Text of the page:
MIDFIELDERS (7): 7-Shannon Boxx (Chicago Red Stars), 14-Morgan Brian (Houston Dash), 17-Tobin Heath (Portland Thorns FC), 12-Lauren Holiday (FC Kansas City), 10-Carli Lloyd (Houston Dash), 9-Heather O’Reilly (FC Kansas City), 15- Megan Rapinoe (Seattle Reign FC)
FORWARDS (5): 2-Sydney Leroux (Western NY Flash), 13-Alex Morgan (Portland Thorns FC), 23-Christen Press (Chicago Red Stars), 8-Amy Rodriguez (FC Kansas City), 20- Abby Wambach (unattached)


  • On April 14, U.S. head coach Jill Ellis named the 23-player U.S. Women’s World Cup Roster. All 23 players were a part of the 25-player roster that was called up for the Algarve Cup in March and the match vs. New Zealand game on April 4 before Ellis named her final group.
  • In its last nine games, the U.S. has surrendered just two goals and has scored 20. Its only loss of the year came on the first match, a 2-0 loss to France on Feb. 8, 2015, in Lorient, France.
  • Forward Abby Wambach leads the U.S. roster with five goals in 2015.
  • U.S. midfielder Megan Rapinoe’s next goal would give her 30 for her career, making her the 13th U.S. female player to score 30 goals and tally 30 assists. She currently has 32 assists.
  • Lori Chalupny scored against New Zealand in her hometown of St. Louis, marking it her first goal for the USA since she scored against the Republic of Ireland on Sept. 20, 2008. She scored her second goal of the year against Mexico on May 17, just 45 seconds after coming into the match as a second half sub.
  • Meghan Klingenberg scored her second National Team goal on a long-range blast against New Zealand. Her first goal was a similar long-range effort that came against Haiti on Oct. 8, during Women’s World Cup qualifying tournament last year.
  • Julie Johnston has three goals in 2015, all coming in consecutive games. Her three goals were all from set pieces and all assisted by Lauren Holiday.
  • Ten different players have scored for the USA in 2015: Alex Morgan, Abby Wambach, Amy Rodriguez, Christen Press, Johnston, Klingenberg, Morgan Brian, Chalupny, Sydney Leroux and Carli Lloyd.
  • U.S. captain Christie Rampone is currently the second most-capped player in U.S. and world history with 306 appearances.
  • Rampone earned her 300th cap against with Mexico on Oct. 24, 2014, and currently has 306 games, the most of any active player in the world and behind only former teammate Kristine Lilly.
  • Defender Becky Sauerbrunn is the only player on the roster to start and play every game for the USA. She has played the most minutes (879) of anyone on the team.
  • Carli Lloyd currently sits at 195 caps and could hit the 200 mark during the 2015 FIFA Women’s World Cup. She would become the 10th player in U.S. history to reach that mark and the fourth in the current roster. Rampone, Wambach and Heather O’Reilly are the other three.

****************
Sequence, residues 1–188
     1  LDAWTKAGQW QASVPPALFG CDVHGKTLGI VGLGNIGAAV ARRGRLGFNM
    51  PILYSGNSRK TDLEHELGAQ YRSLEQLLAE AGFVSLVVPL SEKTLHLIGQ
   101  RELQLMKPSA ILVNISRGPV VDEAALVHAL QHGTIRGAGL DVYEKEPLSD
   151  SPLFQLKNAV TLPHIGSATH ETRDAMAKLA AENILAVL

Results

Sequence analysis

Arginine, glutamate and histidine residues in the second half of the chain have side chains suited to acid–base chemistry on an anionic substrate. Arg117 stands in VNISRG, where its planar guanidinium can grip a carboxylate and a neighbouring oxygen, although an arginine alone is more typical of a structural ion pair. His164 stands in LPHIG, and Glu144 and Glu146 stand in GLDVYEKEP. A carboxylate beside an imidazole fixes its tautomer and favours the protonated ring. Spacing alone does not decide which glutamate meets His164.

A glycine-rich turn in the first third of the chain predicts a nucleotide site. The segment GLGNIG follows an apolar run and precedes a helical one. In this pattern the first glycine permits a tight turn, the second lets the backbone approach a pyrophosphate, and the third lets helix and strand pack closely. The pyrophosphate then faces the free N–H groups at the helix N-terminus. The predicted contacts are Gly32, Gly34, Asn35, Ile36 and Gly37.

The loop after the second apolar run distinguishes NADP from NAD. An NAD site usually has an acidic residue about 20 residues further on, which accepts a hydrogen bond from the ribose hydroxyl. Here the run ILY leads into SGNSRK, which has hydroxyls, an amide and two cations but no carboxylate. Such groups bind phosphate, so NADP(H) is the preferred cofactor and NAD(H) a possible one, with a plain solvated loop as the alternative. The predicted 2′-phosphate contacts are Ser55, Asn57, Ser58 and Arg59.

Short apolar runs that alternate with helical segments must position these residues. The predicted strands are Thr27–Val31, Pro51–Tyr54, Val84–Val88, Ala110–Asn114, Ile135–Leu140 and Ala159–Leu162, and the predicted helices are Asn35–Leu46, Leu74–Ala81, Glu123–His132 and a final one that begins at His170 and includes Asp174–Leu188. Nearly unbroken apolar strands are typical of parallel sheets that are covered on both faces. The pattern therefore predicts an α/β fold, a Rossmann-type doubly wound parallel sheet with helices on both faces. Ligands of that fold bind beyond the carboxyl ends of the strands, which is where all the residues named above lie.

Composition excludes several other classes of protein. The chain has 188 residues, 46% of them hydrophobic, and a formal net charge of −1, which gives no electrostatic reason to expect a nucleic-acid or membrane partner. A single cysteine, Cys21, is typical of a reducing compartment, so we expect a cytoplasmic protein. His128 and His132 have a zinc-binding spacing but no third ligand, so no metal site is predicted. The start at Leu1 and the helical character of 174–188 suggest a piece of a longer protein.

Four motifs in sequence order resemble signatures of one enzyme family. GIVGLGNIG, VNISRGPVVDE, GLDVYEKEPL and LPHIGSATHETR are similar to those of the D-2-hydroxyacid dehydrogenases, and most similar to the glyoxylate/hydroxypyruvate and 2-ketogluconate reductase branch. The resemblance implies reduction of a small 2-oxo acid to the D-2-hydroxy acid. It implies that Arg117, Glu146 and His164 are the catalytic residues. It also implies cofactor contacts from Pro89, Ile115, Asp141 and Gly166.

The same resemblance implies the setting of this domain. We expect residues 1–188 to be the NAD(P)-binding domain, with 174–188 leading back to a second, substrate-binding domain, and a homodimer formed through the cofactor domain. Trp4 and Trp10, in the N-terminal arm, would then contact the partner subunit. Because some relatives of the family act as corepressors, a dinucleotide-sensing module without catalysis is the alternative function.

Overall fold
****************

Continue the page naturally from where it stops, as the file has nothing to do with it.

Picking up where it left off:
• Lauren Holiday leads all U.S. players on the rosters in assists with five in 2015. Holiday was the 2014 U.S. Soccer Female Athlete of the Year.
  • Brian, the USA’s youngest player at age 22, was the 2014 U.S. Soccer Young Female Athlete of the Year. She was also named the 2013 and 2014 Hermann Trophy winner while playing for the University of Virginia.
  • While Wambach is the USA’s top scorer on the roster with 182 goals, Lloyd is next with 63 career international goals and Morgan has 51. Heather O’Reilly has scored 41.
  • Christen Press’ four-goal performance against Argentina in Brazil last December was the ninth such game in U.S. history and second of 2014 after Wambach scored four times against Costa Rica in the final of the CONCACAF Women’s Championship. It was the first-career hat trick for Press.
  • All nine NWSL clubs are represented on the Women’s World Cup roster.


  • With three goals against Argentina on Dec. 18, Carli Lloyd upped her career total to 61 and moved into sole possession of seventh place on the U.S. WNT’s all-time goal scoring list, passing Shannon MacMillan who scored 60 goals in her career. Lloyd, now with 63 goals, is the highest-scoring player in U.S. history who has played exclusively as a midfielder.
  • Megan Rapinoe became the 31st American female player to reach the century mark in caps against New Zealand on April 4. She currently has 102 caps. Lori Chalupny became the 32nd player against Ireland on May 10.
  • Heather O’Reilly is the ninth player to hit 200 caps in U.S. history after reaching the milestone against Korea DPR on March 12, 2014. Now with 219, she is seventh on the USA’s all-time list. Abby Wambach (242) and Christie Rampone (306) are the only active players ahead of her.